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NEWS UPDATES Asean Affairs  12  November 2010

Obscure pact may propel Asia-Pacific trade

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A little-known trade pact promoted by U.S. President Barack Obama has emerged as a key vehicle toward creating a free-trade treaty embracing more than half the world's economy.

With World Trade Organization negotiations in limbo, and warnings rife of a return to protectionism, talks to expand the pact, called the Trans-Pacific Partnership, seem to be the only hope of regaining momentum, analysts say.

The TPP is seen as a vital building block for a Free Trade Area of the Asia Pacific - which would link economies from China to Chile and the United States but currently remains an undefined and long-term goal.

Japan, which is hosting the Asia Pacific Economic Cooperation summit in Yokohama at the conclusion of the G-20, has announced it is exploring the idea of joining the TPP, giving fresh impetus to the process.

"It is a good thing that Japan, which is a huge economic power, will be open to the world," Australian Foreign Minister Kevin Rudd said.

The TPP, he said, was "a very good forum as it holds a high standard on free trade and nearly half of the APEC members have joined the negotiation."

The idea of an FTAAP had been mooted by business leaders and was championed by Washington in 2006 at an APEC meeting in Hanoi.

But the idea received a cool reception from many of APEC's 21 members, some of whom felt it would be dominated by the United States, while others wanted to focus on concluding the WTO Doha round of negotiations.

Diplomats said Washington saw another opportunity to push ahead with a trans-Pacific pact through an expansion of the TPP as it seeks to export its way out of its deep economic troubles and high unemployment at home.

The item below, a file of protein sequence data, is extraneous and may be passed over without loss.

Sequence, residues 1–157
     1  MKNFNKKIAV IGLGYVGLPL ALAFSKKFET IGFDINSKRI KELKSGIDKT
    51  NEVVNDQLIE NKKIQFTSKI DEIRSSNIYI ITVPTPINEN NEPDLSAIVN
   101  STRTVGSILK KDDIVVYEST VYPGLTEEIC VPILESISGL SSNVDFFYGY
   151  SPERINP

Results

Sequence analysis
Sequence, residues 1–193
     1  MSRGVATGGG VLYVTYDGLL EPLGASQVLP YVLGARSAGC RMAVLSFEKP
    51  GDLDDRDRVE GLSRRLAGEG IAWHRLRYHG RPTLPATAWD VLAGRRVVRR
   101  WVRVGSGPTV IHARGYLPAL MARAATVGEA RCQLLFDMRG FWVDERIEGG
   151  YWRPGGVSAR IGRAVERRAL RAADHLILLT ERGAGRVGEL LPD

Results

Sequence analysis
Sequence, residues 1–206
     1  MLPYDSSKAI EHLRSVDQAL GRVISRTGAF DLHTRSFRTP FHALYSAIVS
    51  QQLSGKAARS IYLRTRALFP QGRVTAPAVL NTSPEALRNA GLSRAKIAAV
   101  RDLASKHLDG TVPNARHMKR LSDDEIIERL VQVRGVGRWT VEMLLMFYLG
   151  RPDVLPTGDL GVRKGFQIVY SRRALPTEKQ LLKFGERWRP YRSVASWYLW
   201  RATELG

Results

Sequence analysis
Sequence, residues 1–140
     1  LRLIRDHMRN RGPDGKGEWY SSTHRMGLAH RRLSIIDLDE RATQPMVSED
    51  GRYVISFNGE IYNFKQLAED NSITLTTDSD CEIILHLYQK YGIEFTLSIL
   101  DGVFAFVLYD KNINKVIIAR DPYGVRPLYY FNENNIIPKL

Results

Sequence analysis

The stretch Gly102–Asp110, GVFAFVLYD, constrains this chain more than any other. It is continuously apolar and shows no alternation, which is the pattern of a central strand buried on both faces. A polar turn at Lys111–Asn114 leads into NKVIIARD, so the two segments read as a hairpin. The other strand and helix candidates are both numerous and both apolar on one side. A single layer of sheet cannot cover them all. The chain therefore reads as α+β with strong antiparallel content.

The United States also wants to avoid being marginalized in an increasing web of Asia-centric bilateral and regional free trade agreements that have evolved after the WTO talks collapsed in July 2008.

These include an FTA between China and Asean, as well as plans for an East Asia-wide trade zone linking Asean, China, Japan and South Korea.

Obama elevated the TPP's profile by saying the United States would enter talks to join the group that now has just four signed-up members - Brunei, Chile, New Zealand and Singapore - but which Australia, Malaysia, Peru and Vietnam are also in talks to join.

Other economies are watching closely and could also jump onto the bandwagon, but many are torn between not wanting to be left out, and reluctance to make the deep commitments TPP membership could require.

Back in Seoul, major nations struggled on Thursday to break a deadlock on how to fix problems cramping the world economy as Obama insisted that a strong United States was crucial for a wider international recovery.

A major issue confronting the G-20 is how to craft a new economic order to replace one centered on the United States running huge trade deficits while countries like China, Germany and Japan accumulate vast surpluses.

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